Ever since Elon Musk shared his blueprints for the hyperloop - a revolutionary transport system that has the potential to shuttle humans at speeds of more than 1,200 km/h (746 mph) - the engineering community has been in overdrive, with hyperloop prototypes popping up all over the place.

And now Musk has put up footage of a test pod accelerating to 324 km/h (201 mph) over the space of just a few seconds, and… well, we'll let you watch for yourself, because it's pretty spectacular stuff.

The footage was shot at the SpaceX Hyperloop Pod competition over the weekend, and this is the winning design in action:


Hyperloop WARR pod run to 201 mph (324 km/h) in 0.8 mile near vacuum tube

A post shared by Elon Musk (@elonmusk) on

The competition was held at SpaceX's headquarters in Hawthorne, California, and this design - known as the WARR Hyperloop - was created by a team of 30 students from The Technical University of Munich in Germany.

The WARR Hyperloop pod is powered by a 50 kW electric motor, is made from carbon fibre, and weighs just 80 kg (176 pounds).

It beat out rival teams to achieve the fastest speed on the day - and Musk believes the test tube they were competing in could allow hyperloop pods to smash the speed of sound in future.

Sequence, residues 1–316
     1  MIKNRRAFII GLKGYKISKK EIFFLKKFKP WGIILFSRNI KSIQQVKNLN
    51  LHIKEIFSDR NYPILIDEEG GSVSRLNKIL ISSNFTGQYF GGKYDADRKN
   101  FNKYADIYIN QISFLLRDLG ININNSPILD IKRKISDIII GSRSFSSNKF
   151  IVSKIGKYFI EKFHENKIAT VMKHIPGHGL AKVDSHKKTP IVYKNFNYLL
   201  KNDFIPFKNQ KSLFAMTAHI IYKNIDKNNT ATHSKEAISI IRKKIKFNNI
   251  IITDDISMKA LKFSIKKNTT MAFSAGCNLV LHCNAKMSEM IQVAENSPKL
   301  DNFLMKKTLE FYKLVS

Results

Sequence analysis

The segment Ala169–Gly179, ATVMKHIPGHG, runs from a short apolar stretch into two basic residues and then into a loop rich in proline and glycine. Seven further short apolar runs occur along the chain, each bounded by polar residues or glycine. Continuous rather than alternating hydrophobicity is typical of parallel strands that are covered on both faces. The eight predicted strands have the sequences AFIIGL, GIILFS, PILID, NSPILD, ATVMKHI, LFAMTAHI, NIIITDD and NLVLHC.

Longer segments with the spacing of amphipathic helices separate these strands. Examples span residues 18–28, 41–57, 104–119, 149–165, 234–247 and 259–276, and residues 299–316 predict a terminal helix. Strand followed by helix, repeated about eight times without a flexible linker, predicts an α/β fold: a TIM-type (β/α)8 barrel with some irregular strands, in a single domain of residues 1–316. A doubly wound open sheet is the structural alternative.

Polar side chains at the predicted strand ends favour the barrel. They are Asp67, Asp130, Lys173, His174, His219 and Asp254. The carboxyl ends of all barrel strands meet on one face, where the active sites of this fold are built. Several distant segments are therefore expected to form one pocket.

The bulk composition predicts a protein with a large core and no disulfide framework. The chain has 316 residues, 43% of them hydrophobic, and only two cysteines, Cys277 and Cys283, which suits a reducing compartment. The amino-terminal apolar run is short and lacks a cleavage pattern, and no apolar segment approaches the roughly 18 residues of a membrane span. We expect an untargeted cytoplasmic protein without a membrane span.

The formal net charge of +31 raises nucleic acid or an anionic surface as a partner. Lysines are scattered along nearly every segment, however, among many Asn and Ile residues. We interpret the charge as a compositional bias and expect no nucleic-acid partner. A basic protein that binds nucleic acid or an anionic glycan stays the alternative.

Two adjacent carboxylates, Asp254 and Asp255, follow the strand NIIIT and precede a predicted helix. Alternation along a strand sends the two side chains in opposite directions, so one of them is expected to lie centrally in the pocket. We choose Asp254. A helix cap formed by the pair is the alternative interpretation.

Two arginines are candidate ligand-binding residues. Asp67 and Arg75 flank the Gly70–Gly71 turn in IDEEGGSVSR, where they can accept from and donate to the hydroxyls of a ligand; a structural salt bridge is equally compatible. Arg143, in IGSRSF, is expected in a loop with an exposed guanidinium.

Impressive, right? Here's the footage of the full run:

Musk has since clarified that an actual, passenger-carrying hyperloop won't have that slightly dystopian strobe effect going on - that's just for testing.

And the acceleration also wouldn't be so dramatic in a passenger version - this test tube is only 1.2 km (0.75 miles) long, and so the acceleration had to happen incredibly fast.

In larger designs, the acceleration would be spread out comfortably, so passengers wouldn't even feel it while sipping a glass of wine in their sleek cabins.

The hyperloop system works by using magnets to shuttle a levitating pod through a tube that contains a partial vacuum - allowing pods to accelerate without friction to speeds that would be impossible with air resistance. It was inspired by pneumatic mail tubes used more than 100 years ago.

According to calculations, a fully-functioning hyperloop could reach speeds of more than 1,200 km/h (746 mph), which would rival commercial airplanes.

Prototype hyperloop set-ups have already been built in Nevada and California, and full-scale models are proposed to connect New York City and Washington DC, Dubai and Abu Dhabi, as well as Paris and Amsterdam, in the coming years.

There's even talk of taking hyperloop technology underwater, which would mean that cross-continental travel could be possible.

If this is the future of travel, we're all in.